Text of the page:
The following morning the milkman found him dead with a bullet through his head, and the precious yellow tapestry was gone. Some said (the ones who knew about the textile and its legendary curse) that the spirit of the wheat field shot him in the night (and he wasn’t the first one she killed either, or the last). That was the lore, they hastened to explain, but they shook their heads at the supposed worth of the tapestry. One said, “Every thread a diamond, if you can calculate the sum. I can’t.” Another said, “Money can’t buy it. It owns the owner, but if I had the millions I wouldn’t touch it to save my life!” A third remarked, “Millions. Not to take.” The tapestry had ruined its former owners, too. The only surprise this time, perhaps, was how long the prize remained in the hands of Sir Baxter. The Chief of Police said, “It was not in his possession. Maybe the tapestry will possess you if you try to stare it down.” When asked to elaborate on this, he remarked, “But already I have said too much!” leaving the public to wonder that even he, who epitomized to them the stalwart, unflappable, inscrutable, and constant guardian who never wavered for an instant but stood his ground, yes, even this master of men looked afraid and seemed to tremble; and his deputy marked that he looked quickly over his shoulder when he gave his initial report, as if the walls had ears, and that he shouted in terror half an hour later when the mail fell in through the slot. Such was the grip of the tapestry on men who knew its “supposed worth” and feared it might cost us all too dearly.

     The famous detective who solved the seemingly impossible triple-murder-and-phoenix-feather case, and discovered a trained chimpanzee had done it, Ricky Hame, received a call from the Embassy in Munich about the Tapestry of Shabin, told the minister he had no interest whatever in pursuing it, heard the offer, and turned it down flat. His clock stopped on the wall and he had nightmares for weeks. The morning after, he was informed that the minister suffered a heart attack on his walk home and died later that same night. Hame thought of the curse, and was deeply moved and concerned. He never touched the clock after that and forbade anyone else to touch it, never locked the door to allow the spirit a way out. Nor did he bolt the window. He advertised all this in The Daily Musket and no one touched the place. He said nothing more of the clock, but a year later the building caught fire. He read about it in The Musket, as he had moved his office several months before the incident for other reasons. Apparently, the heat “fixed” the clock. The new owner and sole occupant of the place, a jovial man by the name of Mr. Blownee, told him over lunch at Tundlees, where they met on other business, that after the fire he observed it worked fine except one minute out of one day of the year. He paused to clear his throat, and continued with a smile, “When I replace the batteries.”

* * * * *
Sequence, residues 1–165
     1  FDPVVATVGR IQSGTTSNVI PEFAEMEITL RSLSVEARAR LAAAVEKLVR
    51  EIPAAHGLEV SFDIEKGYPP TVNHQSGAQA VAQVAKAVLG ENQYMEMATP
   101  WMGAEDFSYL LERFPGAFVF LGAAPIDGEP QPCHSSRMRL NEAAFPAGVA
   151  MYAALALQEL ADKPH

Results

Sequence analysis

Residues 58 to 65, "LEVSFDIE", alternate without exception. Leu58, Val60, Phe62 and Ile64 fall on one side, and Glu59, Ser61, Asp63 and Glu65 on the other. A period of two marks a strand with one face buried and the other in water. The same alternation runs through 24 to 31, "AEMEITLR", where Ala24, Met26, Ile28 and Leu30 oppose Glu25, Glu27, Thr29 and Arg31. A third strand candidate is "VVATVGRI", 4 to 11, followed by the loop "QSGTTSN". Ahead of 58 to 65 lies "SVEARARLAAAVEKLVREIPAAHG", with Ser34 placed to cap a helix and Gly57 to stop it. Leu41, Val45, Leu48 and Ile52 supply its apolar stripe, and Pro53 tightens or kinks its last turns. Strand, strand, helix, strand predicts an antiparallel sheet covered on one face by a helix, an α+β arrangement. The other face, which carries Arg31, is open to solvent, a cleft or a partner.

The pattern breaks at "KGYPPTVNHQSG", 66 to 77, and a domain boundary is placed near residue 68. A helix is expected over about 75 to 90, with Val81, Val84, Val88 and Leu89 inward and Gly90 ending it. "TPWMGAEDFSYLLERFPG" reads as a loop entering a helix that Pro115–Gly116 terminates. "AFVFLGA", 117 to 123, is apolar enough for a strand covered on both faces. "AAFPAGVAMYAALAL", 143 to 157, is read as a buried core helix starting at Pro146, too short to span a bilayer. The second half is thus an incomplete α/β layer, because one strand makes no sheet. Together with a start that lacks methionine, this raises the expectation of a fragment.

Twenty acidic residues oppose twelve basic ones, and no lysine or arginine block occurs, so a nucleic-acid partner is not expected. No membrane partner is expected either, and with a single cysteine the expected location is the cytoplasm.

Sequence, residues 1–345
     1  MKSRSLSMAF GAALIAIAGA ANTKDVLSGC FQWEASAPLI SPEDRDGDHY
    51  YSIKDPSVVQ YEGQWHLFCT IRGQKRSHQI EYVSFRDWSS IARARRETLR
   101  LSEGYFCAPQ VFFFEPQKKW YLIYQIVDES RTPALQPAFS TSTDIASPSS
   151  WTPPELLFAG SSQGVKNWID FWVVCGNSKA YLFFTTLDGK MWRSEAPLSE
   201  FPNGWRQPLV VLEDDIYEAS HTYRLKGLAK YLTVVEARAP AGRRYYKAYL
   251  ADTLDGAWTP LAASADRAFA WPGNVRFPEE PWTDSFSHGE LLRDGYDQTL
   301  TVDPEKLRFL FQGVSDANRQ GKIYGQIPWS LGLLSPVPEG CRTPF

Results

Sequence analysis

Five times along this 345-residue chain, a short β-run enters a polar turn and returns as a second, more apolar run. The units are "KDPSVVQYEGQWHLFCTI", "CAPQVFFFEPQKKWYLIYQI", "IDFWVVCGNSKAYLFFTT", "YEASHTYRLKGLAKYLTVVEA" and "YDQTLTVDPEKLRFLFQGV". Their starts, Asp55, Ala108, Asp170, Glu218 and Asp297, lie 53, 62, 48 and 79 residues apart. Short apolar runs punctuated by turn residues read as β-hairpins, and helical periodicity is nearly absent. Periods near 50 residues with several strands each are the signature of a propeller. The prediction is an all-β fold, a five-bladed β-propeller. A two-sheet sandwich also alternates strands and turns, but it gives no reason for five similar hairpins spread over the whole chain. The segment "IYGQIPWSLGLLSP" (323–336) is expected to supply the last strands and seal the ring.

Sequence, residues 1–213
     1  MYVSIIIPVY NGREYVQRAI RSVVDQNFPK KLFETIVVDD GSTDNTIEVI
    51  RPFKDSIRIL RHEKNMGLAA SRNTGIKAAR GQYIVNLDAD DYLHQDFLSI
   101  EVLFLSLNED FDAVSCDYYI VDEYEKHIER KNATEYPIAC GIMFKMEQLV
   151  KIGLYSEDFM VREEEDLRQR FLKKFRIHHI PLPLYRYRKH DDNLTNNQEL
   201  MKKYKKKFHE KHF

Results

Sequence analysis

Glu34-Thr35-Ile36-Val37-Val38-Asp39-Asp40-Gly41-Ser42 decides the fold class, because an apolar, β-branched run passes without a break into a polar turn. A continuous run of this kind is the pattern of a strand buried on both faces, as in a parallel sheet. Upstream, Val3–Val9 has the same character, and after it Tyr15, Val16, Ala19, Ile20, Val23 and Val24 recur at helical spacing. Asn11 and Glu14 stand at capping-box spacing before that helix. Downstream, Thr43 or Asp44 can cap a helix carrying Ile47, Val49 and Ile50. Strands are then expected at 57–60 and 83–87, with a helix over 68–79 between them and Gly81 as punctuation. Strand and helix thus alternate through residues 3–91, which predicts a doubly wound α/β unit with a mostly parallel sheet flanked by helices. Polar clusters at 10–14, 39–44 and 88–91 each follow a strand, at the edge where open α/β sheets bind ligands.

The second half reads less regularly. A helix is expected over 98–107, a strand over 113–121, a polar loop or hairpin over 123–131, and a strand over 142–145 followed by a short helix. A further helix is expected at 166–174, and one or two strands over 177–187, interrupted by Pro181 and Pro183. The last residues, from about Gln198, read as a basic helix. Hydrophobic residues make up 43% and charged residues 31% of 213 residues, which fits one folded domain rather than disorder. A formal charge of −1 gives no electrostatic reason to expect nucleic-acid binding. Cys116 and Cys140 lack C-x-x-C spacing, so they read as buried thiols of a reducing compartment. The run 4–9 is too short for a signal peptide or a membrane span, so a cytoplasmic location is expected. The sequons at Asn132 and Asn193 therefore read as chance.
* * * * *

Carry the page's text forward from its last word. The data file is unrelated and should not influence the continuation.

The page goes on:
Hame blurted out something then that astonished both men. He said, “This may surprise you but I think you saved a life today.”

     Mr. Blownee reportedly looked him in the eye and said, “Sir, it makes me happy to hear you say that.” After an awkward silence, their conversation returned to its original purpose that had something to do with tax documents. Nothing particularly noteworthy occurred to either man the rest of that day as each pursued his own agenda and slept peacefully through the night. Only the very next day, Blownee saved a boy from falling under a bus at a busy intersection in an accident in which no one was badly hurt. However, the lad abruptly died three days later of unrelated trauma to his internal organs while studying geometry.

     Blownee never spoke of this new tragedy and wonder or the clock to anyone again, and Hame happily forgot his phone number. They did not see each other. Hame read the brief account of the rescue and death given in The Mirror, a free weekly for the city. He and Blownee both lived long lives and only chanced to meet once more in the course of them, and that fifty years later, again at Tundlees. Blownee had been out of town and Hame celebrated his ninety-third birthday. Blownee would also be ninety-three that year. Hame spotted and recognized his friend through a sea of strangers, invited him to his table, and was accepted. Little did Hame learn of Blownee that night that was anything but predictable and vice versa. The tapestry was still lost as far as each man knew but neither mentioned it. They were not biologically related by some quirk of their mother and father, and they didn’t have much in common besides their age, and the correspondence between Blownee’s past occupation and Hame’s present one that he never left. Blownee sold his detective business a mere two months after their last meeting to become a minister on a new walk of life, while Hame still followed people to see where they went in order to catch the ones who walked where they shouldn’t. Other than that they both mixed drinks on the side. That was it. Hame called his favorite a “Raspberry Delight,” though it tasted lime, and “Cool Lime,” when he had company over and didn’t feel like giving its real name, since he would then undoubtedly have to explain that it originated from a story he heard about raspberries and bears in the woods from an unusual woman named Alexandra, and then tell the story! But it was one of those stories that only grew murkier and murkier the longer it went on and the more drinks she had. It was not one he cared to tell, it would only confuse them the more.